“Ladies’ First” – A year of learning, analysis and innovation with the MEP females leading the charge.
Over the last 10 years, the world has witnessed some of the most unforgettable history defining moments. The spark and growth of the Black Lives Matter movement, the signing of more climate action agreements than in any other decade and for the first time in US history, renewable power energy consumption surpassed that of coal.
It was also 10 years, that Mara Elephant Project was founded. Concerned about the future of the iconic Maasai Mara and its elephant population that is critical to the sustainability of the landscape, a group of like-minded individuals including our co-founders, Suzie Fehsenfeld and the late Richard Roberts, and my predecessor, the incomparable Colin Church, came together and formed the Mara Elephant Project (MEP).
From a fledgling organization operating out of a small building in the northern corner of the Mara, MEP is now a fully operational research, community development and wildlife protection hub. MEP continues to support cutting edge technology and research on elephant species, rapid response wildlife and natural resources protection and innovative social enterprises that merge elephant protection, livelihoods and conservation science.
So, as the world has been evolving, so too has MEP. Our latest evolution without any doubt, has been female led.
As the new Chair of MEP, a key highlight for me in the last year amongst the countless wins that we have achieved not including the phenomenal growth of our valuable research team to a year of zero poaching incidents, are the “Ladies of MEP.”
Topping my list of three, is the most notorious of the pack – Ivy, the “Crop-A-Holic” matriarch. Originally collared in 2011, she is not only one of our longest tracked elephants, but she also provides critical movement data and conflict prevention data. Ivy’s collar has helped MEP together with our key partners at Kenya Wildlife Service (KWS) and the Wildlife Research and Training Institute (WRTI) monitor and analyse crop raiding behaviours in order to help communities better protect their farms and crops. We quickly established that Ivy and her herd have mastered the art of stealth only in a way that an elephant can. They are so quiet that often at night, MEP rangers can’t hear them until they see them. They have learned the best places to stay safe and hidden during the day, that are conveniently bordering the farms filled with ripe crops that they raid in the dead of night. With this data and knowledge of her patterns and behaviours, MEP has helped create many geo-fences around farmer’s property that alert our rangers when she’s nearby and help prevent any retaliatory attacks by the communities.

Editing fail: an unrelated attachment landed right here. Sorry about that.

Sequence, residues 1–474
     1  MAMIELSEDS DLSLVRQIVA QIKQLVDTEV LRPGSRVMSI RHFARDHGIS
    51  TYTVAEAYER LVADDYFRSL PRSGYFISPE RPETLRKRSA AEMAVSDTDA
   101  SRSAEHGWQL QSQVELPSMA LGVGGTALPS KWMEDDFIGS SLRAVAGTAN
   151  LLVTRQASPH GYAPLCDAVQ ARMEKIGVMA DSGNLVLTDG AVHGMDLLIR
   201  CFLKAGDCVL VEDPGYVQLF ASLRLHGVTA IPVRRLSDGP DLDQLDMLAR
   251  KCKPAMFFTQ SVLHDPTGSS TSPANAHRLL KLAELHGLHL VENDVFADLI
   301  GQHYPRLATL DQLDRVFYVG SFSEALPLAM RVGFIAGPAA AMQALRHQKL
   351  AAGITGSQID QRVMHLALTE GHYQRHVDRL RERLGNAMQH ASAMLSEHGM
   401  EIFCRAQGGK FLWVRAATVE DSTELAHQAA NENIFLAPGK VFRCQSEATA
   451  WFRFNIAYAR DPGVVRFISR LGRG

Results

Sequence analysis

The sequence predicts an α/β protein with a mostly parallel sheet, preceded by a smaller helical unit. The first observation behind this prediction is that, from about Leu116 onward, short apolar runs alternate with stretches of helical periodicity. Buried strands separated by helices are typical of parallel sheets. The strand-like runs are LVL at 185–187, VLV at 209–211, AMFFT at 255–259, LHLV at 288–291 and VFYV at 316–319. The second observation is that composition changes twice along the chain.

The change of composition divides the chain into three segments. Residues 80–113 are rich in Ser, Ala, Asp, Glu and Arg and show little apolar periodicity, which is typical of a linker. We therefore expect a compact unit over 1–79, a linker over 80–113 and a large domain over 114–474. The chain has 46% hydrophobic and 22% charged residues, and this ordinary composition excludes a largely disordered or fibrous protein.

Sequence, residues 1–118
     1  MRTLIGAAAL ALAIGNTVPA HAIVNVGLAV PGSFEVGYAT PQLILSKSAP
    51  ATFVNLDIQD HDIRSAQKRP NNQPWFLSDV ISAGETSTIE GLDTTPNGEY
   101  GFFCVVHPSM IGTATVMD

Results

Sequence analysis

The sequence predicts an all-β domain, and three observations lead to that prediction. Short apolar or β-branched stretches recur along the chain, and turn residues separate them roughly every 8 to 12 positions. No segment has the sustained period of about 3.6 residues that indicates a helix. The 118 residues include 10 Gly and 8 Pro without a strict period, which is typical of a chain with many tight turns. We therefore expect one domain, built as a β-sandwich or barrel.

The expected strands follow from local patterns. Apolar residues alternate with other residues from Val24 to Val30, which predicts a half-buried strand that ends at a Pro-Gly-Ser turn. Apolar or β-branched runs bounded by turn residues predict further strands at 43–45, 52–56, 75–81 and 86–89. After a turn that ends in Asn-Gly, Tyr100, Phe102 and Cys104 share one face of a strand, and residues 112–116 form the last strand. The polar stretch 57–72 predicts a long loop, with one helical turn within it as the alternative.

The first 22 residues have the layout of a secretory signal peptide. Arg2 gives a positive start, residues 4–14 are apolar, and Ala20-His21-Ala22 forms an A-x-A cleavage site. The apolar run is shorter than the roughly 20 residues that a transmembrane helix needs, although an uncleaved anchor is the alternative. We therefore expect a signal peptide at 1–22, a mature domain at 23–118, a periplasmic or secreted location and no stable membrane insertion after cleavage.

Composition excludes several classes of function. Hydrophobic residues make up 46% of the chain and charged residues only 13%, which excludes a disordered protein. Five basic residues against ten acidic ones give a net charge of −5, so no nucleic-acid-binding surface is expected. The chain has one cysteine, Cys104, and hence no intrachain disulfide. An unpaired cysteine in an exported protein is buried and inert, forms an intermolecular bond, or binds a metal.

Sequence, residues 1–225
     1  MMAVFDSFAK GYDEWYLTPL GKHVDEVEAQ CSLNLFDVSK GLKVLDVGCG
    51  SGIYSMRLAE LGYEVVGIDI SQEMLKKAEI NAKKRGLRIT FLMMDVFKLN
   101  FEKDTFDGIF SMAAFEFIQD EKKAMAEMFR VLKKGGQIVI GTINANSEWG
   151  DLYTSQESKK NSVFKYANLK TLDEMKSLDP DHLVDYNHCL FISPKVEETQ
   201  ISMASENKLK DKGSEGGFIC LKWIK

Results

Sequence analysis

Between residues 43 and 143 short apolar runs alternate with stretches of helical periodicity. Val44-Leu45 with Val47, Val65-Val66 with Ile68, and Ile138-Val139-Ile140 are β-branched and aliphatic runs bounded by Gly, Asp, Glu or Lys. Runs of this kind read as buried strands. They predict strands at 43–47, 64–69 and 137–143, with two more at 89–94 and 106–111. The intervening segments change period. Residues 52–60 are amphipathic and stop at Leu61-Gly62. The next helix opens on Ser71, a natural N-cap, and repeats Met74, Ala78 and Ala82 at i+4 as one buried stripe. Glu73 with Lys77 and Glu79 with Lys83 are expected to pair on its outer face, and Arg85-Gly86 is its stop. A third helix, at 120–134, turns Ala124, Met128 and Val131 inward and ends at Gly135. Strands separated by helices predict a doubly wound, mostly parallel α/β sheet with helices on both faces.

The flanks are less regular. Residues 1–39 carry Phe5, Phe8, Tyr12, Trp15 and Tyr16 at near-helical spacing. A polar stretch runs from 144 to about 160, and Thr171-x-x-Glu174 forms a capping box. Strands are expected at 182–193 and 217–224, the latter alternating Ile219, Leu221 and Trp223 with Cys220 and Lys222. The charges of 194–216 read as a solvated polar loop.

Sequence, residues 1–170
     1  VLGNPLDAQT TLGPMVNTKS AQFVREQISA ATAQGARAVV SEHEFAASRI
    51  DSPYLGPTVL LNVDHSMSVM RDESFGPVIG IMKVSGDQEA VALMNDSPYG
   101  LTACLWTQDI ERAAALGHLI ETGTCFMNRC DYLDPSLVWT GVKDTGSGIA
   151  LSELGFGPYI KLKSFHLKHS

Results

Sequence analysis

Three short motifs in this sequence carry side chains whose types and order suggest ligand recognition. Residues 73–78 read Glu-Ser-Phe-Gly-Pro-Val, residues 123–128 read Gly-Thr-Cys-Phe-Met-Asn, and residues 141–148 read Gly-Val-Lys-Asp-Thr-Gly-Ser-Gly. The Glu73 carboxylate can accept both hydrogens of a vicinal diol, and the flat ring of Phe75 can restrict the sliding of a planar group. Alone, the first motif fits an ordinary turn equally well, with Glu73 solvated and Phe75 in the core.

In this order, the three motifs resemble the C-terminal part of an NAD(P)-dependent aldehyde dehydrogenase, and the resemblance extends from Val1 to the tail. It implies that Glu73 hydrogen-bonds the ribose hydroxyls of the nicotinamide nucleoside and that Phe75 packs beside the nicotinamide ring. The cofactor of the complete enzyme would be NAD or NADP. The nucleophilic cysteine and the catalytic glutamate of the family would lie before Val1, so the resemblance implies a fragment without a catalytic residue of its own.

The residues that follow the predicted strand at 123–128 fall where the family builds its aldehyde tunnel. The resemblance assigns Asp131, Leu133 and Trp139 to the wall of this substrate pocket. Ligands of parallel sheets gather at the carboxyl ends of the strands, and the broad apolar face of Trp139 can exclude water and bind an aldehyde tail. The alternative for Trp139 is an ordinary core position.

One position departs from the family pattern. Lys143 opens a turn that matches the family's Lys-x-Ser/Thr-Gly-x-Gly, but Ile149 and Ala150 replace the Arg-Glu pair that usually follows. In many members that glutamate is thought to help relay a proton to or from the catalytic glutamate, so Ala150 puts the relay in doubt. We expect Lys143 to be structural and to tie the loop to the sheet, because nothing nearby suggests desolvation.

Next on my formidable ladies list is Abigael, who for many years has been figuring out solutions to create co-existence between her farming community and her rowdy neighbours including Ivy.
Growing up in Kajiado, her community had been hit hard by drought which led to devastating losses and consequences including source of income, livestock and a rise in levels of malnutrition and food insecurity. Driven to find solutions to such ills and armed with a university scholarship from EARTH University, she embarked on a turn-point journey that took her to the other end of the world – Costa Rica. Back in Kenya now, Abigael runs the MEP Experimental Farm Project with her team of five. The MEP Experimental Farm is exploring alternative crop scenarios that might help reduce the elephant crop-raiding pressure and diversify financial income for local farmers.
Serving two purposes – research and community – the MEP Experimental Farm recently harvested their first batch of vegetables, and they had community members from the area streaming in for the organic produce. It has also helped us, and the communities understand that staple foods like maize will continually be raided by hippos and elephants, and we need to find other alternative local crops that are fit for human consumption but less tempting to the palettes of the surrounding wildlife.